Choosing a hosting provider for your website is relatively easy to do with so many options available but what happens when your website goes down? When will it be back online? Do you have a backup? Who do you call?
1. What Is Website Hosting?
Website hosting refers to the space on a server where your website files and images are stored. These servers can be located anywhere in the world and are accessed through the internet by entering a domain name. Website hosting is purchased from a hosting provider and is typically renewed every year.
2. Domain Name, IP address, and DNS
A website domain is the name that you have chosen for your website (www.mywebsite.com). Domains are purchased separately from your web hosting and must be registered by a domain registrar. There are many domain registrars available but some of the more common ones are companies like GoDaddy, Bluehost, Namecheap, or Hover.
An IP address is the address to your server. Once your website files and images have successfully been uploaded to your hosting server, your domain is then pointed to the IP address so that your site can be accessed online.
How does your domain know where to point? We add a DNS record. Wait…what??
DNS records could be a whole new blog post but in short, they are a list of rules that tell your domain what to do. These records are attached to your domain and direct things like mail, website traffic, and subdomains (an additional part to your main domain name, created to organize and navigate to different sections of your site). A new DNS record gets added that says, “Hey Domain, you need to load this website at this IP address!”
Clear as mud?
3. SSL Certificates
An SSL certificate is installed on the hosting server to provide a more secure connection between your website and its users. Websites with an SSL certificate are easily identified with the use of https:// instead of http:// in the URL.
SSL certificates are required. In July of 2018, Google started to display all non-https websites as ”not secure”. While Google has not yet confirmed their tactics, it has been suggested that websites without a valid SSL certificate may start to lose their positions in search rankings if they don’t comply.
4. Hosting Requirements That You Should Consider When Selecting A Plan
Data Storage: The amount of space that is available for your website files, images, videos, etc. Most hosting plans will offer unlimited data storage (or disc space) so this is not usually a concern for websites of the average size. For larger websites, you may need to look at the disc space more seriously.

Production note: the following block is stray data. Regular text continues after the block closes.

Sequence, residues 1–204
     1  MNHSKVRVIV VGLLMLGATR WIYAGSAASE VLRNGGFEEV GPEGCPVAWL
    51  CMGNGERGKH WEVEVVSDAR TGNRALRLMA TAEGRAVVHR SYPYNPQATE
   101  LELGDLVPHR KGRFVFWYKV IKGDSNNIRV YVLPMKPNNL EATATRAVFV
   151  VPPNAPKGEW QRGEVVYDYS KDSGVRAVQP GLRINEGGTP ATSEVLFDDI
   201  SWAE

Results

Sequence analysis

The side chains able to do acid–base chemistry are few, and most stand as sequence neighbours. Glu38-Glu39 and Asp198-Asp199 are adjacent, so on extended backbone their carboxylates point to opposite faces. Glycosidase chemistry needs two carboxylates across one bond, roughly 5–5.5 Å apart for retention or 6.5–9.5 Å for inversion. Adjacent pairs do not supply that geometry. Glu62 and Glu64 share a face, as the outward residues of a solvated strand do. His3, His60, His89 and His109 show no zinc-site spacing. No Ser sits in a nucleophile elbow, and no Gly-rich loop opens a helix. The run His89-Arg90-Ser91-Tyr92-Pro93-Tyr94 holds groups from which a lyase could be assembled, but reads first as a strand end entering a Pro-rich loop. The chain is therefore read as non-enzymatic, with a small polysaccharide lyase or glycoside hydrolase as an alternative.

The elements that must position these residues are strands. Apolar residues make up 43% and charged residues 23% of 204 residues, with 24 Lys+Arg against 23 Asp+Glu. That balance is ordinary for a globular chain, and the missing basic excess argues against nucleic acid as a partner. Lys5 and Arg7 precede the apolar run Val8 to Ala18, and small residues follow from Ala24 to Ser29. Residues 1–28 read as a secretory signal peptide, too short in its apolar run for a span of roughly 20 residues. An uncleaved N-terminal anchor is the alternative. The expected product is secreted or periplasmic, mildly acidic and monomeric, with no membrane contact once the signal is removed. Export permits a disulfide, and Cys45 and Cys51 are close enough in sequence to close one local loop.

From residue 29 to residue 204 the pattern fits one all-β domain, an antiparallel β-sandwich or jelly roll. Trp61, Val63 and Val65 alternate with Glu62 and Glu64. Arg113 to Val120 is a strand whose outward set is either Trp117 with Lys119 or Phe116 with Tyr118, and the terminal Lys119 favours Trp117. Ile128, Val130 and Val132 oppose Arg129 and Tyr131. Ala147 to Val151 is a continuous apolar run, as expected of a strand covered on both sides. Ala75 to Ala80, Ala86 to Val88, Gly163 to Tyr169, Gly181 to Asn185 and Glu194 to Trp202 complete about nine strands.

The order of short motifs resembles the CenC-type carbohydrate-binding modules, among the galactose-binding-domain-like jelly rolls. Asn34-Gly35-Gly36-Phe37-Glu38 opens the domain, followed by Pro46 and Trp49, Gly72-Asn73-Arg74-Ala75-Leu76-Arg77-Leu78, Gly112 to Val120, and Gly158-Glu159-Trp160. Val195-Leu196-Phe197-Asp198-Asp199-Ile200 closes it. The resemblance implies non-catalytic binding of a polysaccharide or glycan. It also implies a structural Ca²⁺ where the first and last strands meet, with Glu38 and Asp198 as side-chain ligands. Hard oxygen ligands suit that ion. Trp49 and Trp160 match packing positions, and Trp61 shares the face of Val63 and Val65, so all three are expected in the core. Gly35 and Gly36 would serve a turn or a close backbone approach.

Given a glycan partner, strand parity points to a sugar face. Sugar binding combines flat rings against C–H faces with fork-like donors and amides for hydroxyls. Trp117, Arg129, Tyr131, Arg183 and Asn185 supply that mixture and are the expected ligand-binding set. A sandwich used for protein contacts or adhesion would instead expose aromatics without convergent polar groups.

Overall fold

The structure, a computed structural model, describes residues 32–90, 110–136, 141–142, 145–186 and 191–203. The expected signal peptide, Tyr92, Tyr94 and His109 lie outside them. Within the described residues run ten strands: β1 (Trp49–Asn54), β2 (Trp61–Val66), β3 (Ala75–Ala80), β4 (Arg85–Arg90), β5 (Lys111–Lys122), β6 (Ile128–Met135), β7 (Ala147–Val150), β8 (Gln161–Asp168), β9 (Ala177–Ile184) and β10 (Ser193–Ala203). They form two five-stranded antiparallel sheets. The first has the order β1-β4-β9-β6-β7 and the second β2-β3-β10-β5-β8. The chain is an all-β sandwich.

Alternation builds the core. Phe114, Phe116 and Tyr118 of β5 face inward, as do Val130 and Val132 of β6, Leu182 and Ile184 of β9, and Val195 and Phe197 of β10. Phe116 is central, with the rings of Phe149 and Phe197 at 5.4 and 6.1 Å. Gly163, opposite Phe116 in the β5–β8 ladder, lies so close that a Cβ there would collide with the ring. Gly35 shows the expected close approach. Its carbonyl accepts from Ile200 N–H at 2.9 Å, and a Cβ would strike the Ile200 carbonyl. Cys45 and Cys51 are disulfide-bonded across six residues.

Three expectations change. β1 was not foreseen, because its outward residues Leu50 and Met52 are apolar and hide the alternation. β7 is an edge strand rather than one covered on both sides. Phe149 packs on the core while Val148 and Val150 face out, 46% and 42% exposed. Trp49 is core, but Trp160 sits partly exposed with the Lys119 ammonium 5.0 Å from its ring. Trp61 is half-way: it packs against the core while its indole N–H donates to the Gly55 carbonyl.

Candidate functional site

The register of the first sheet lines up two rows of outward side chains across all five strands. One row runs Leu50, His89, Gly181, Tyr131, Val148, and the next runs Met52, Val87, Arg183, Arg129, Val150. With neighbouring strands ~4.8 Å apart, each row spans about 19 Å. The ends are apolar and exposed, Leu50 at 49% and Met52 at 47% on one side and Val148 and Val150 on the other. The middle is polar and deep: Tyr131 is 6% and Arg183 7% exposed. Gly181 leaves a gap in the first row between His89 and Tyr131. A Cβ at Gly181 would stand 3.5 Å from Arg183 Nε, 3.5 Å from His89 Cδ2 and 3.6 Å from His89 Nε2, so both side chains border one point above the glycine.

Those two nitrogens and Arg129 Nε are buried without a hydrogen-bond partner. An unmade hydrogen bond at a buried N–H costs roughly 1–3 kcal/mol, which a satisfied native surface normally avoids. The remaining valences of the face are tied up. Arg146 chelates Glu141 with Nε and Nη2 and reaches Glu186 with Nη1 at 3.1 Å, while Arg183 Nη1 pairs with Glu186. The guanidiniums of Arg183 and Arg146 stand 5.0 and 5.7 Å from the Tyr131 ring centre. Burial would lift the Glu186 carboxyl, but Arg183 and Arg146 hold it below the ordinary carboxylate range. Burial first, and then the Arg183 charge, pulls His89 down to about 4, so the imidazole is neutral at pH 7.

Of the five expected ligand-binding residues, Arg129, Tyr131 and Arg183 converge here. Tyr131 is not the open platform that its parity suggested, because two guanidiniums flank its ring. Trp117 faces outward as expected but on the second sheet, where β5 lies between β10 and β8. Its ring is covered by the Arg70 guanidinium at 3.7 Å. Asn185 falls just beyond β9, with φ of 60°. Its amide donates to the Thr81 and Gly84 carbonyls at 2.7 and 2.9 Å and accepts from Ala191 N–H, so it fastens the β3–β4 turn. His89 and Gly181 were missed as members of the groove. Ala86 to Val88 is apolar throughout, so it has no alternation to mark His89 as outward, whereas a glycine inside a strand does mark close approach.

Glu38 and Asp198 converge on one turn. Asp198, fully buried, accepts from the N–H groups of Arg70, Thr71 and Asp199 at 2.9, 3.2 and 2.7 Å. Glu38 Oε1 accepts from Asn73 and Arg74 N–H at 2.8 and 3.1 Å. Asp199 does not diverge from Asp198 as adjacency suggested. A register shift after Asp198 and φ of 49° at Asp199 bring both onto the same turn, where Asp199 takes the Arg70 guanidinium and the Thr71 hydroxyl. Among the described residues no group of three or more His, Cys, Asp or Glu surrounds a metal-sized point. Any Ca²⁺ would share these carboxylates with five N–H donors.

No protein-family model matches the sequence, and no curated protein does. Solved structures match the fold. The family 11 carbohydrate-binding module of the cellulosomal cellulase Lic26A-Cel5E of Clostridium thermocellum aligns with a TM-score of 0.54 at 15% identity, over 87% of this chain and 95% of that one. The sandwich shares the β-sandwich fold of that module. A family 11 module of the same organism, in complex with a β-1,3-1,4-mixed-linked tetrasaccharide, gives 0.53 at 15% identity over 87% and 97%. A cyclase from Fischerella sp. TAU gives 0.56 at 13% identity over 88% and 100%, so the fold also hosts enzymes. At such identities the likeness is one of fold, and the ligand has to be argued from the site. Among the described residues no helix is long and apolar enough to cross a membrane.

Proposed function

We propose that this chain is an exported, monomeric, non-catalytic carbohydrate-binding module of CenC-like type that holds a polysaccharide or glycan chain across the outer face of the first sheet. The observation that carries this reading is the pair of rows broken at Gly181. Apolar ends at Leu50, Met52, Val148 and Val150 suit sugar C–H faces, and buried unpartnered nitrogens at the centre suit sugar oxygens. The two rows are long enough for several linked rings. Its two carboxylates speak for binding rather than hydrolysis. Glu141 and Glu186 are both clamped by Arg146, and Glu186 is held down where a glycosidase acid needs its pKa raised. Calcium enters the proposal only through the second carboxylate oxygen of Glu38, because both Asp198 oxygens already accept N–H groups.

Bandwidth: The amount of data that the host can send from your website to your visitors on a monthly basis. Like data storage it’s common for providers to offer unlimited bandwidth but if your bandwidth is restricted, you may see additional charges if your limit is exceeded.
Uptime: Refers to the amount of time that your website is guaranteed to be online. As with any technology, occasional problems can occur on your server. Most web hosts guarantee an uptime rate of 99.9% meaning that 99.9% of the time, your website will be accessible.
Security: Most website hosting plans do not include a security monitoring service. While their servers ARE secure, some websites are not. If your website is built using an open source CMS such as WordPress or Shopify and requires ongoing updates, you may be at risk for website hacks or malware injections. It’s a good idea to ask your host about additional security monitoring to prevent these kinds of vulnerabilities.
Backups: Website backups are important. We can not stress this enough! Backups can be done manually but we recommend setting up automatic backups with your host so that you always have a recent restore point.
The cloud-based email service that is offered by your hosting provider will do the trick, however, it’s more expensive compared to the more popular services like Google or Windows 365 and it doesn’t scale well for a growing business. For a small business with one or two employees, it will likely provide everything you need but if you have multiple employees or if you utilize general inboxes such as [email protected] or [email protected] you’ll want to invest in a more robust service.
Reaction offers a hosting management service (HMS) with technical support for things like website setup, downtime, security monitoring, backups, and ongoing updates. Now that you understand what hosting is, the important question facing you is, “who should manage it?” Your job is running your business, our job is making sure that your website is working to help you do that.